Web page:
On the top of a well worn page within, written in my Mother’s tiny neat handwriting, was the title “Coffee Buns.” I had never baked before but since my family are keen on The Great British Bake Off and the children and Rosie enjoy baking all sorts of stuff I was encouraged to get the recipe out and gave it a go. I would be advised and supervised.

The minute I started I became very emotional. I was connecting with a recently lost mother and a long lost past. I only see one of the little gang of teenage friends now. Handily he is now the husband of Rosie’s best friend. The rest of us have drifted apart or fallen out or whatever else happens to childhood friends when you all grow up. While I was mixing the ingredients I thought of past times while fretting about what I would do if the buns came out wrong. Would that tarnish my memories? What if they buns turned out right? Would I turn into a blubbering wreck? Well, they turned out just right and I was a blubbering wreck.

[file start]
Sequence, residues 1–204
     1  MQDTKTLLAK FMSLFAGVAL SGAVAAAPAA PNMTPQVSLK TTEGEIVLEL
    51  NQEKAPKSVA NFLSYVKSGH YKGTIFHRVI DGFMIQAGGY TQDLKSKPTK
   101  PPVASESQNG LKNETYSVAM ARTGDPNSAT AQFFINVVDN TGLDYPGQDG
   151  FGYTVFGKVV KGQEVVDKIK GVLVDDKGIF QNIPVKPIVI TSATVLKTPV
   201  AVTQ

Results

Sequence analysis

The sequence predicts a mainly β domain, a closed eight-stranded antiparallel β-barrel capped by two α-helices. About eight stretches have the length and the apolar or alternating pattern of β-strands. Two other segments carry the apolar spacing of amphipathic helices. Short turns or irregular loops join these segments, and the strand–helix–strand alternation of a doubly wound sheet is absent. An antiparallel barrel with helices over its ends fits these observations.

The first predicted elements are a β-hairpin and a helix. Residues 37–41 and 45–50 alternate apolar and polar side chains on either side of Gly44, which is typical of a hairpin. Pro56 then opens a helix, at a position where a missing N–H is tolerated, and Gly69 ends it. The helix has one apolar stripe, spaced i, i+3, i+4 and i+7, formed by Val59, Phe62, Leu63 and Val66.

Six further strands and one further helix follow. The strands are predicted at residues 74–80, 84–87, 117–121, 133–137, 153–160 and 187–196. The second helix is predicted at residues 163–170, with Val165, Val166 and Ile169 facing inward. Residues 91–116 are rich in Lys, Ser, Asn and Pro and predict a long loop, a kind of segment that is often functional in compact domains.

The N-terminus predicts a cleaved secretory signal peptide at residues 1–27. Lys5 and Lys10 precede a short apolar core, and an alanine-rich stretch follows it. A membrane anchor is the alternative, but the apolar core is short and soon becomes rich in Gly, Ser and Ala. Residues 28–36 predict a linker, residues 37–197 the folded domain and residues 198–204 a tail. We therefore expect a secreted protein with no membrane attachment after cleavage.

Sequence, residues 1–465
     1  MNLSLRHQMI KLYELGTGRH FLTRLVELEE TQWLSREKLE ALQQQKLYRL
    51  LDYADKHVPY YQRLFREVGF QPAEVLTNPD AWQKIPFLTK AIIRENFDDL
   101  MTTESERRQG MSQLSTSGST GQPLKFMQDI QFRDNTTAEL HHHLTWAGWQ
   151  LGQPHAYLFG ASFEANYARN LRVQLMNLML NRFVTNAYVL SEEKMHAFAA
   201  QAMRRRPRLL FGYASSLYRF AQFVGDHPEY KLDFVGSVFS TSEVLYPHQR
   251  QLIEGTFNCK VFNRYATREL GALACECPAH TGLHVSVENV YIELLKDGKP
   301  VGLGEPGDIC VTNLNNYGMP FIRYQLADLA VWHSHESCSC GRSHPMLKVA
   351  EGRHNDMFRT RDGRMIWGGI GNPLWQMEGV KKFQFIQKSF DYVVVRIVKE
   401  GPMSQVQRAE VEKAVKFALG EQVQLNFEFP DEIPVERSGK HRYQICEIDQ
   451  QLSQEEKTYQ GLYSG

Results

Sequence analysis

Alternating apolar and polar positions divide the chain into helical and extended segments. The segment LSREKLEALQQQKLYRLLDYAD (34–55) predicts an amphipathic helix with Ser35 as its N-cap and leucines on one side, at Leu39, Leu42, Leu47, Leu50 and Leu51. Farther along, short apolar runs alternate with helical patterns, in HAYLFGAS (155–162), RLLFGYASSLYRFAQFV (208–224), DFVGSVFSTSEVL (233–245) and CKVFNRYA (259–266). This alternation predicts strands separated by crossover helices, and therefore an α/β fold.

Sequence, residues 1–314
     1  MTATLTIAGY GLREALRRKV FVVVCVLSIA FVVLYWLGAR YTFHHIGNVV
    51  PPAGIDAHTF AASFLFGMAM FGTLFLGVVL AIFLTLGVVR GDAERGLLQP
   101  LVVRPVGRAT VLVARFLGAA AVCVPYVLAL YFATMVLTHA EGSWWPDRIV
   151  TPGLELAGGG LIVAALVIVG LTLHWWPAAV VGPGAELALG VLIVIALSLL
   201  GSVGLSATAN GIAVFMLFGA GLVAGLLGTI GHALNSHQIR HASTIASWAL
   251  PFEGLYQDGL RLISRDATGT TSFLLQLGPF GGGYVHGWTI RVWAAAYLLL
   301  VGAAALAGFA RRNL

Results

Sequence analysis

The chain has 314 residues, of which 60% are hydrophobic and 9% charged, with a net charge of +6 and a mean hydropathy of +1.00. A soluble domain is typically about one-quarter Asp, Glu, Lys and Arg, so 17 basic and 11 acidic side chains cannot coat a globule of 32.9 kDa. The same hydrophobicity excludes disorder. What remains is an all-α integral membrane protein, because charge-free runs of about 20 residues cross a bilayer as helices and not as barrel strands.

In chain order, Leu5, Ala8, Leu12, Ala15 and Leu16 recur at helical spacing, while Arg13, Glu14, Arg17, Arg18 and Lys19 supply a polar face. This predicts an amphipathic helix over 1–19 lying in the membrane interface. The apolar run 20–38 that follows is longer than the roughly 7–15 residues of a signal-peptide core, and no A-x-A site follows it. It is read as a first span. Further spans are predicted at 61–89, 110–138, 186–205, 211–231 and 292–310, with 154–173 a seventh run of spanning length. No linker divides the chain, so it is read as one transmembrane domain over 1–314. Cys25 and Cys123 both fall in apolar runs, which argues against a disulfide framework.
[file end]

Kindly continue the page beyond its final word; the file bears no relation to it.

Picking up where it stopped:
They didn’t look like my Mum’s coffee buns but they tasted just right. I hadn’t been confident in shaping them by hand so I had used a cutter.

Huge waves of conflicting emotions swamped me. I missed my Mum, I missed my Dad, I missed our dog who always got the last bit of the bun. I missed the friends I had then. I remembered the petty jealousies and peer pressure that make your teenage years such a dramatic (to us) series of spectacular crashes and resounding highs with little in between. The sudden changes in allegiances, who is cool who is not, who is “in” who is “out.”  The desperate struggle to stay in and the bewildered bafflement of being out. This and equally clueless discussions about girls took place with friends over a cup of tea and coffee buns.